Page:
β-Lactamase Inhibition by 7-Alkylidenecephalosporin Sulfones: Allylic Transposition and Formation of an Unprecedented Stabilized Acyl-Enzyme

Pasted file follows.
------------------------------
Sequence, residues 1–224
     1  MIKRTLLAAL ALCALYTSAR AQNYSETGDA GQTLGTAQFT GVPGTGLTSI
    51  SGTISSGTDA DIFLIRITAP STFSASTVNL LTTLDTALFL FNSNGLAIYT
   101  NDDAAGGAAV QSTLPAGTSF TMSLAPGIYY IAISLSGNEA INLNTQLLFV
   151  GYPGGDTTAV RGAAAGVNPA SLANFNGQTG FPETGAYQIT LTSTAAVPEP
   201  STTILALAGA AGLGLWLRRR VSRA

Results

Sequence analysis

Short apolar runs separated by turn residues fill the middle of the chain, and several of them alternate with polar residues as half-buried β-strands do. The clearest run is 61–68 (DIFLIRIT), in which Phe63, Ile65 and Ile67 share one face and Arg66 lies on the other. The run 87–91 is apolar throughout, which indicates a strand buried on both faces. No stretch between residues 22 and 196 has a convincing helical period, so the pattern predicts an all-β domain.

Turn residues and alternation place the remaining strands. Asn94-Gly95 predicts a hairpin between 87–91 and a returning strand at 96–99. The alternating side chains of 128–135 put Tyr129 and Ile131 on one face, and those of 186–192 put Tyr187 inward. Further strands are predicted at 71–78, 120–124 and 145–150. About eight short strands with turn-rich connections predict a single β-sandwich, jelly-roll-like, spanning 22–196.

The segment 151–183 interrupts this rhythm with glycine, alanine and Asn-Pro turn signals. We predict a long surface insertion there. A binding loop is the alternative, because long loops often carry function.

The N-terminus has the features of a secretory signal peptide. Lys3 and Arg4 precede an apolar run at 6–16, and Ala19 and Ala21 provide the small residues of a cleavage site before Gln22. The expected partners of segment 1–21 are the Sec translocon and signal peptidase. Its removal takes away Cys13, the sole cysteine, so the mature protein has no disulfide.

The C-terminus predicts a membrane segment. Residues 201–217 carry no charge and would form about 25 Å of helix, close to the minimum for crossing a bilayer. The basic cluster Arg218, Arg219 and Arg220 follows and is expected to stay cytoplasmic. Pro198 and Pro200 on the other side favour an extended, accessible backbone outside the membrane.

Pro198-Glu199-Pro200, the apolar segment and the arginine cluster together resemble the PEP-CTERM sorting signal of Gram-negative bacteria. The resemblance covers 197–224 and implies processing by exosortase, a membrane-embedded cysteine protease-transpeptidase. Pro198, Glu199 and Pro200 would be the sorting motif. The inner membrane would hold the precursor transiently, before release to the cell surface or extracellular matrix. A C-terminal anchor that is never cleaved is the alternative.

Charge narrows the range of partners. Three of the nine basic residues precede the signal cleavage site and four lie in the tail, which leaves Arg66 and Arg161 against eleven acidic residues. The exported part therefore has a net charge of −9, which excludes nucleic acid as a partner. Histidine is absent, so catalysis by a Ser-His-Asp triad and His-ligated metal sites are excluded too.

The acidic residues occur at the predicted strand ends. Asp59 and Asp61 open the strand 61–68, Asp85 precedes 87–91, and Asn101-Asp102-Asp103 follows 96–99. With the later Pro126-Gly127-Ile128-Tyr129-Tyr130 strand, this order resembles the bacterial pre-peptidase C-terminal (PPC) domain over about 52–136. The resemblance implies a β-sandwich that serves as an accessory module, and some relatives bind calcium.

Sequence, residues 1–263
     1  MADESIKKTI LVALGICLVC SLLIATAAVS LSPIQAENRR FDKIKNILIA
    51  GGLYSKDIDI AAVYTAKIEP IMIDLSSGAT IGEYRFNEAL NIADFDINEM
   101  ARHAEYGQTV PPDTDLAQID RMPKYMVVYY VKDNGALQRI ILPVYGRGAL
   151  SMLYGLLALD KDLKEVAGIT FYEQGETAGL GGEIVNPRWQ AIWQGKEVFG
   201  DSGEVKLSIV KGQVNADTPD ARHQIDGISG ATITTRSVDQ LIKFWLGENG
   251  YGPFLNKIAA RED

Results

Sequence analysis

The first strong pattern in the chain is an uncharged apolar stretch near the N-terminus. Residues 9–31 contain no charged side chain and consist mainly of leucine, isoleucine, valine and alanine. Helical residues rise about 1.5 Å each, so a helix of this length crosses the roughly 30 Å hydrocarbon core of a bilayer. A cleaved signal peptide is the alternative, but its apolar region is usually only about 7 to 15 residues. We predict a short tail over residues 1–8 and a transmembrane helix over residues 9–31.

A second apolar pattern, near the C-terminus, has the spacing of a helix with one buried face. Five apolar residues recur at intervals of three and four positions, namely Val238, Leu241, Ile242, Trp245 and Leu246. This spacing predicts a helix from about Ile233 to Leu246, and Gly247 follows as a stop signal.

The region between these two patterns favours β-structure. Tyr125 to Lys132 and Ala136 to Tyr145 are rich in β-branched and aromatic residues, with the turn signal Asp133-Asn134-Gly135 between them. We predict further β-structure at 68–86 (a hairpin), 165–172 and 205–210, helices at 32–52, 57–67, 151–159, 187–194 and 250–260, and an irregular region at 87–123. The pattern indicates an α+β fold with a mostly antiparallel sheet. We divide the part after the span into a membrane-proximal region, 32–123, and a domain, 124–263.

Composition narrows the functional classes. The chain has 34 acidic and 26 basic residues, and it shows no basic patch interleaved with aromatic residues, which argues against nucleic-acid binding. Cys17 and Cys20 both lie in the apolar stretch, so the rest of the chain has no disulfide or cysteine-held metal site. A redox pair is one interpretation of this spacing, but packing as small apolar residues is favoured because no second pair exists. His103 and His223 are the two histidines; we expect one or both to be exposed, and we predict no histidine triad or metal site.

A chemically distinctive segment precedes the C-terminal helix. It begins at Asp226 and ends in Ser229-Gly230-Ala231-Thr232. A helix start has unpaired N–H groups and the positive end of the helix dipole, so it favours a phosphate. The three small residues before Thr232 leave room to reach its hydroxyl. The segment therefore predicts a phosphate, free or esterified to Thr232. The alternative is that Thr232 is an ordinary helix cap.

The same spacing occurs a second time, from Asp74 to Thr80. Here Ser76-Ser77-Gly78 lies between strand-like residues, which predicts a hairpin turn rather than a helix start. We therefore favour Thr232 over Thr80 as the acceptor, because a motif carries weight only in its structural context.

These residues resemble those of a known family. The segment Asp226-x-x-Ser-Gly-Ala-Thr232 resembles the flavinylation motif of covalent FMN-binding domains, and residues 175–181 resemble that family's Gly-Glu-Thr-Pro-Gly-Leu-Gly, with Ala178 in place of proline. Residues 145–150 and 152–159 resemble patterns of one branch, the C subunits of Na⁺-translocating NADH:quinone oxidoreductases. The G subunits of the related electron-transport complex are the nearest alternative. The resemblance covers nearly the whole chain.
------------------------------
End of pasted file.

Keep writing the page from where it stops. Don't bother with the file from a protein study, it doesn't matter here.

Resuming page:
The inhibition of the class A SHV-1 β-lactamase by 7-(tert-butoxycarbonyl)methylidenecephalosporin sulfone was examined kinetically, spectroscopically, and crystallographically. An 1.14Å X-ray crystal structure shows that the stable acyl-enzyme, which incorporates an eight-membered ring, is a covalent derivative of Ser70 linked to the 7-carboxy group of 2-H-5,8-dihydro-1,1-dioxo-1,5-thiazocine-4,7-dicarboxylic acid. A cephalosporin-derived enzyme complex of this type is unprecedented and the rearrangement leading to its formation may offer new possibilities for inhibitor design. The observed acyl-enzyme derives its stability from the resonance stabilization conveyed by the -aminoacrylate (i.e. vinylogous urethane) functionality as there is relatively little interaction of the eight-membered ring with active site residues. Two mechanistic schemes are proposed, differing in whether, subsequent to acylation of the active site serine and opening of the β-lactam, the resultant dihydrothiazine fragments on its own, or is assisted by an adjacent nucleophilic atom, in the form of the carbonyl oxygen of the C7 tert-butyloxycarbonyl group. This compound was also found to be a submicromolar inhibitor of the class C ADC-7 and PDC-3 β-lactamases.
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